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Young Writers Society


12+ Violence Mature Content

Unfortunately, the orphans rot

by vampricone6783


*This story is underneath my folder “Snitches get stitches!” My character designs are underneath my forum “My character designs <33”. Enjoy!*



Introduction

Jacqueline wished that she didn’t survive the fire. That she died along with her parents. Then, at least she would be happy.

But away she went to an orphanage, where a young boy named Carlson lingered.

Where a fate worse than the fire awaited her.

Chapter One

AT THE ORPHANAGE

Jacqueline walked down the worn-down halls of the orphanage, ignoring the laughter of the children. Everyone around her was a small child, and she was sixteen.

Who would take her? Was she destined to spend her entire life in the orphanage? In a prison-like place forever?

“Young lady!” A voice called out.

Chapter Two

Jacqueline turned around. She heard a boy calling her out, but that couldn’t be possible. Only adults ever called her a “young lady”.

But it was. Standing right behind was a boy with curly black hair and bright blue eyes, dressed in white, who looked to be about the same age as her.

“Are you new here?” The boy asked.

Jacqueline nodded slowly. Why was he talking to her? Was he even real? Was her mind all gone?

“Oh! I’ve been here for a while. It’s nice to have someone close to my age, you know.”

Jacqueline nodded again. He seemed sweet so far.

“I’m Carlson. What’s your name?” He asked.

“Jacqueline.” She said. She hadn’t spoken since she left the train to get to the orphanage, so she was surprised with how soft her voice sounded.

“It’s nice to meet you, Jacqueline. Care for a tour?” Carlson asked.

Jacqueline nodded joyfully. For the first time, someone who wasn’t her parent was being kind to her!

Oh please, let the kindness last. Jacqueline thought as she followed Carlson around the orphanage.

Chapter Three

“Most of these rooms are the same, as you can see.” Carlson said as they walked down the halls.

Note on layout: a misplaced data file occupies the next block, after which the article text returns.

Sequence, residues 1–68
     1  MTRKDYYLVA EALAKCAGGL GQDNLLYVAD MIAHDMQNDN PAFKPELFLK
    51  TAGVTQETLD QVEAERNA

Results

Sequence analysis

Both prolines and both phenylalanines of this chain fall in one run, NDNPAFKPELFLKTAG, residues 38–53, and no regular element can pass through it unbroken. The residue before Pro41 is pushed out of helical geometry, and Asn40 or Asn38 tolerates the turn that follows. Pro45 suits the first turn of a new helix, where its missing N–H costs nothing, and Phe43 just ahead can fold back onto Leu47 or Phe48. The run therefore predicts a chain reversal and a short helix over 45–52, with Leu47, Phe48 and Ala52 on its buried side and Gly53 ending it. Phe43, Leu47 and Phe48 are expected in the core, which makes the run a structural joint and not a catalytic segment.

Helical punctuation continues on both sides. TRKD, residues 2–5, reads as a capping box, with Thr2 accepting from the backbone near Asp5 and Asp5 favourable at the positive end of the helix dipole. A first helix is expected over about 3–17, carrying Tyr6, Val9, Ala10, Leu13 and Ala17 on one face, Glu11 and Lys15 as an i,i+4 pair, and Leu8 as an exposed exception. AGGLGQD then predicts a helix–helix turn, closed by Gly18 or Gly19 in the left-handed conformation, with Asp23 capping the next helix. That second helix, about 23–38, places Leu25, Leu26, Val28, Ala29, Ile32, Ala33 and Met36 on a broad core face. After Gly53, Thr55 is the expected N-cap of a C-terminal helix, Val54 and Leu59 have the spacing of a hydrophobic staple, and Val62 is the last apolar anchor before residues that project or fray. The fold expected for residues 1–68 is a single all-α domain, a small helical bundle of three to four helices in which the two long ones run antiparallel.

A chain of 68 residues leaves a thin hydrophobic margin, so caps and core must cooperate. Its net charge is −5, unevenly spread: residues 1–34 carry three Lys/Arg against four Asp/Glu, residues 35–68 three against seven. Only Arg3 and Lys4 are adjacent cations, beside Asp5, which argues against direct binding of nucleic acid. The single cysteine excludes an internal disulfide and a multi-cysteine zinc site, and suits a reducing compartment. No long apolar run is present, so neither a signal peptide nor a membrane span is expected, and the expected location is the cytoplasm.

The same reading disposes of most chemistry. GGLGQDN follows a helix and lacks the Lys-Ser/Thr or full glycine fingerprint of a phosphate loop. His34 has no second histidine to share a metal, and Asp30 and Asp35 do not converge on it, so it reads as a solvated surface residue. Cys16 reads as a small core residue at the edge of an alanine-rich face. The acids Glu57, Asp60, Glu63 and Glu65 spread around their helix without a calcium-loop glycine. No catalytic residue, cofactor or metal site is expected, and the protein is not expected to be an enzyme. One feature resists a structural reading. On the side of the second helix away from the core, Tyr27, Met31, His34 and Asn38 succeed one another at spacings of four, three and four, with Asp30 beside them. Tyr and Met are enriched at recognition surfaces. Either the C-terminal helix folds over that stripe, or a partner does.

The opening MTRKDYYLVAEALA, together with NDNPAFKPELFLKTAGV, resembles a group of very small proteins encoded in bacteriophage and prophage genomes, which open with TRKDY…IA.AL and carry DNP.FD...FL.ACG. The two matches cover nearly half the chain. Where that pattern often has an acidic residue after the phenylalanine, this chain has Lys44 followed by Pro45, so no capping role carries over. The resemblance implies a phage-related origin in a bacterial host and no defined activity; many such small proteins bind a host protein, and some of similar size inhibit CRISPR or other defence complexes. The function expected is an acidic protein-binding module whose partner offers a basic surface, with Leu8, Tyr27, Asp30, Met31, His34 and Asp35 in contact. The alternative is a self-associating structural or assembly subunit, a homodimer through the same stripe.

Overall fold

It was true. The kitchen was the only thing that was different and even that was drab. All of the rooms were raggedy and white, dried paint on old wood.

“But I thought that you should look anyway, just to get an idea.” Carlson said.

Jacqueline nodded. At least someone cared.

Chapter Four

FLASHBACK

The fire was enveloping the entire house. Jacqueline crawled on the ground, just as she was supposed to do.

She didn’t even stop for her screaming parents. They were screaming, but they were getting out. They had to get out. Jacqueline couldn’t be the only one.

They all had to get out.

Chapter Five

“Dinner!” A voice called out.

Jacqueline opened her eyes to the noise.

Where was she? Why was she in such a drab room? Who was the voice? What-

Oh right. She was in an orphanage. She fell asleep. It was dinner.

She couldn’t leave.

Chapter Six

Mr. Vash, the head of the orphanage, sat in the largest chair at the table. All the kids sat in chairs, eating soggy bowls of brown, tasteless broth.

Except for Jacqueline. She was just staring at the broth in disgust.

“Do you have anything else?” Jacqueline asked.

“No. That’s all we have. Eat it.” Mr. Vash said with a tinge of annoyance in his voice.

She had a feeling that his words weren’t true, but she didn’t say anything else on the matter.

She’d rather go to bed hungry.

Chapter Seven

FLASHBACK

Carlson held the hands of his parents as they walked down the streets, the smell of candy wafting from the open windows of the bakeries. It was a bright, beautiful day. The biggest building in the town of Morrigansville was going to be finished that day.

There was also the lollipop clown giving out free lollipops on his unicycle.